Billionaire Richard Branson hunkers down as Irma hits private island

Members of Branson's team await the arrival of Category 5 storm Hurricane Irma.
Members of Branson's team await the arrival of Category 5 storm Hurricane Irma.PHOTO: VIRGIN.COM

LONDON (AFP) - British billionaire Richard Branson said he would be hunkering down in his concrete wine cellar to face Hurricane Irma as it hurtles closer to his private island of Necker in the British Virgin Islands.

"We have just experienced a night of howling wind and rain as Hurricane Irma edges closer towards us," Branson wrote in a blog post.

"All of us slept together in two rooms. I haven't had a sleepover quite like it since I was a kid," he added.

The billionaire and his staff are currently on his private island of Necker, in the British Virgin Islands, east of Puerto Rico.

Guests staying in the luxury resort have left or postponed their stay for safety reasons, he explained in a previous blog post.

Branson said that they would all "retreat to a concrete wine cellar under the Great House" as the full force of the hurricane got closer.

"Knowing our wonderful team as I do, I suspect there will be little wine left in the cellar when we all emerge," he then joked.


Branson said he was confident his buildings "should be able to handle extreme weather pretty well", adding that "our main concern is with the local people of the British Virgin Islands".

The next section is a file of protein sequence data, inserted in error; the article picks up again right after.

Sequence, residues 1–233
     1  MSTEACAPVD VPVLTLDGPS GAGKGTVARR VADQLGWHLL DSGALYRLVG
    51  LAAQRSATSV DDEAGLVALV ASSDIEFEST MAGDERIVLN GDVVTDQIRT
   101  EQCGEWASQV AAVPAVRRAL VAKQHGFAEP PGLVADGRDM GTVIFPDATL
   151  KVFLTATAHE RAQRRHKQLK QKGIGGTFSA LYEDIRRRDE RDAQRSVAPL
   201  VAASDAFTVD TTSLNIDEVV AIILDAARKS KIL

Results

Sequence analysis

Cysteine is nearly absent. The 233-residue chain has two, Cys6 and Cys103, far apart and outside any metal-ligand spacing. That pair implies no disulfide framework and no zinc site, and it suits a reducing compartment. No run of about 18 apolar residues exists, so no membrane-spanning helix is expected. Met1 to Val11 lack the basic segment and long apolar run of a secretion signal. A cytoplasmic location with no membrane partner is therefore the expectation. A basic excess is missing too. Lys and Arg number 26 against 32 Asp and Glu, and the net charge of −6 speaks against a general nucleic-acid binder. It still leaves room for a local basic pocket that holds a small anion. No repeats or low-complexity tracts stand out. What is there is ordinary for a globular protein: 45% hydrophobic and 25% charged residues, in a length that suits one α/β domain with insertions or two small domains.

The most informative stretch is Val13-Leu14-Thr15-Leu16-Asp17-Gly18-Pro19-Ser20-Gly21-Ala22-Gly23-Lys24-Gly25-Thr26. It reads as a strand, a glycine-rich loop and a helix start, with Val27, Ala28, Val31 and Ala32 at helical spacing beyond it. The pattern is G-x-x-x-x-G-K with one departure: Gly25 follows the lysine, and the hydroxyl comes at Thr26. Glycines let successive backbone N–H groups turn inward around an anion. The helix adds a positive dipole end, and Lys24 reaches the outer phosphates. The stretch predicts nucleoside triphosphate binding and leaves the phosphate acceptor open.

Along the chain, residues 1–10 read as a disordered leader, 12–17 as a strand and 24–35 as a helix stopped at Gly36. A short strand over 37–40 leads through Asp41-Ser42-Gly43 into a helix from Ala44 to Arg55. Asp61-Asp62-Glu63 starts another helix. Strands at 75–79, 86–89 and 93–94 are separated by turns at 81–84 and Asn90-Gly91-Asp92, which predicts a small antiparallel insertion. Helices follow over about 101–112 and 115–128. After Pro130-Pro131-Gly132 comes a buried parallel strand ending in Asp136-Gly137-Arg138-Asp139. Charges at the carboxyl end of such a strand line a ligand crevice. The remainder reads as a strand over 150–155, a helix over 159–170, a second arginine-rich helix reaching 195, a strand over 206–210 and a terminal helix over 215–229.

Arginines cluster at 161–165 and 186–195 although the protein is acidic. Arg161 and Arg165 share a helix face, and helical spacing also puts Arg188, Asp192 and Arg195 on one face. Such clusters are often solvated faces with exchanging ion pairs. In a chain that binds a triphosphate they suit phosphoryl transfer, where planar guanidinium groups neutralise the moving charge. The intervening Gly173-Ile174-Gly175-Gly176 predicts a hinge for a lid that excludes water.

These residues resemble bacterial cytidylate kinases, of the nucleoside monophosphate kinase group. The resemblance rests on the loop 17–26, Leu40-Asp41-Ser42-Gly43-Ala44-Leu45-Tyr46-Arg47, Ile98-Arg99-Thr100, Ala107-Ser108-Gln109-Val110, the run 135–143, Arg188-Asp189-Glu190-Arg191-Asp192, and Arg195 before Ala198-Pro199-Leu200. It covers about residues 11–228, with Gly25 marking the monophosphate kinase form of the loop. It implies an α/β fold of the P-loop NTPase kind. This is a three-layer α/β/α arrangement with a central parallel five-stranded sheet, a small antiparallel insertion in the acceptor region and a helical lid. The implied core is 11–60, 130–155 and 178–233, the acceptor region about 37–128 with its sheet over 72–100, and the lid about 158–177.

"It may sound strange, but I consider hurricanes one of the wonders of the natural world," he said, remembering two previous hurricanes in 2010 when he "beheld nature at its most ferocious".

"Man-made climate change is a key factor in the increasing intensity of these hurricanes," he wrote.

Hurricane Irma - a rare Category Five storm - slammed into French Caribbean islands on Wednesday bringing gusting winds of up to 294kmh, weather experts said.

Authorities in the British Virgin Islands have advised people to find safe shelter and have emergency supplies kit packed with supplies for at least three days.

Thousands of tourists were also impacted, as airlines were forced to ground or divert flights.